Yoenis Cespedes certainly made his mark at the All-Star game - and he's not even on the roster.
Actually, it was a dent.
Oakland's second-year slugger won baseball's Home Run Derby with a dazzling display of power Monday night, becoming the first player left out of the Midsummer Classic to take home the crown.
Cespedes beat Bryce Harper 9-8 in the final round at reconfigured Citi Field, hitting the decisive drive with five swings to spare. The outfielder from Cuba flipped his bat aside and raised his left arm in triumph when he sent his 32nd homer of the night some 455 feet to center field, where it caromed off the back wall of the black batter's eye.
He was swarmed by the American League All-Stars near the third base line.
"You come for a show in New York. He put on a show,'' said Detroit Tigers pitcher Max Scherzer, set to start for the AL on Tuesday night.
The final addition to the field, Cespedes was the fourth player not selected for the All-Star game to compete in the event.
Right off the bat, he proved he belonged. With family in the stands, Cespedes hit a whopping 17 home runs in the first round - more than any other player managed in their first two trips to the plate.
"I felt that I was getting into a very good rhythm, and that as long as the ball was right over the plate, I felt like I was in a good groove,'' he said through a translator. "That was the key.''
Baseball's big boppers took aim at two trucks parked beside the home run apple behind the center-field fence, a popular staple at Mets games dating to their days in Shea Stadium.
With a shiny prize to shoot for, Cespedes dinged the hood on one and elicited a rousing cheer.
Cuban reliever Aroldis Chapman of the Cincinnati Reds brought Cespedes water and a towel during the first round, and 2010 champion David Ortiz strolled over to offer encouragement and advice.
The Rockettes danced atop the dugouts and did their famous kickline between first-round batters.
"It's far different from in Cuba,'' Cespedes said. "There might be two people at our games. There's only one photographer, and this is completely different and foreign to me. But I'm very happy to be here.''
His first-round outburst was enough to send him straight into the finals, though he added six long balls in round two for good measure. Some of his drives were especially impressive, too.
Cespedes hit about a half-dozen balls into the upper deck in left, never reached by anyone in a game, and banged another couple of shots off the restaurant windows in the corner just below.
The 27-year-old Cespedes has struggled as a sophomore, batting .225 with 15 home runs, but hardly anyone in the game doubts his ability.
"This trophy will motivate me so that things continue to go well for me, and I just want to thank the people that believed in me, that thought I could play at this level,'' he said.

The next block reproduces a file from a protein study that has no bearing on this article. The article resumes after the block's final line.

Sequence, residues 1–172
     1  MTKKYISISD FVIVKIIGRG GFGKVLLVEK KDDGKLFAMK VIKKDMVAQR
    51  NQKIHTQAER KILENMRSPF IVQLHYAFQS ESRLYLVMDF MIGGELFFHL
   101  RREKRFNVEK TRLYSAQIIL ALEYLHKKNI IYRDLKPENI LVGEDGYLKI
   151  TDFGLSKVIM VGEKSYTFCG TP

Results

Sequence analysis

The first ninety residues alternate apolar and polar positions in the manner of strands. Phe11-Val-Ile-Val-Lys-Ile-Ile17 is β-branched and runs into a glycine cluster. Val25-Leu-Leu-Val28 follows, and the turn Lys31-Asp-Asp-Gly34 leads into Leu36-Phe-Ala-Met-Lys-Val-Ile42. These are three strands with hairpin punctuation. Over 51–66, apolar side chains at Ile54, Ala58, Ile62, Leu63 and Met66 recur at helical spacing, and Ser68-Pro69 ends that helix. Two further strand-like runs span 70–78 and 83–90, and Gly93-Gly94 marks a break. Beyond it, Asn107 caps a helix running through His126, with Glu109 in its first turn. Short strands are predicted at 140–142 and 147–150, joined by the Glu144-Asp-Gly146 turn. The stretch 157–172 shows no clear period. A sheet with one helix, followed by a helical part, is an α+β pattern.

The 20-year-old Harper, wearing shiny gold spikes as his father pitched to him, hammered eight homers in all three rounds. But the Washington Nationals phenom couldn't keep up with Cespedes.
"He's incredible,'' Harper said. "He's an absolute machine.''
Colorado outfielder Michael Cuddyer and Baltimore first baseman Chris Davis, who leads the majors with 37 homers, were eliminated in the second round. Davis tied Reggie Jackson (1969) for the AL record before the All-Star break.
"I had a little blister come up second round. It's just one of those things,'' Davis said. "I usually get one once a year and it just happened to be tonight. It actually popped during a swing. My main concern is obviously not to hurt myself and to hang onto the bat.
"It's something that I've dealt with in my career since I can remember. You've just got to kind of wear it for a couple of days and then it hardens up and you're good to go.''
Citi Field opened in 2009 with a cavernous outfield and yielded the fewest home runs in the majors over its first three seasons, according to STATS. But the Mets erected a new fence in front of the old one, dubbed the Great Wall of Flushing, before last season. That trimmed dimensions by up to 12 feet and lowered the height of the wall from as high as 16 feet to 8 all around.
Since then, the ballpark has ranked closer to the middle of the pack in home runs, 18th out of 30. But it's still no hitter's haven. In fact, hometown favorite David Wright had joked he would take his Derby swings from second base.
Cespedes, however, and most of the other sluggers had little trouble clearing the old wall. When they got good wood, it was long gone.
"This stadium may be very difficult, but it's not as difficult as Oakland. And if I can do it in Oakland, I thought, why can't I do it here?'' Cespedes said.
Wright and another hometown darling, Pirates slugger Pedro Alvarez, were both eliminated in the first round. Alvarez went to high school in New York City and grew up in the same Manhattan neighborhood as Manny Ramirez.
Wright managed five home runs as the sellout crowd of 43,558 chanted "Let's Go Mets!''
"I ran out of gas,'' he said.
Also knocked out early were defending champion Prince Fielder, the only player besides Ken Griffey Jr. to win multiple times, and American League captain Robinson Cano of the New York Yankees, who made Cespedes his final pick.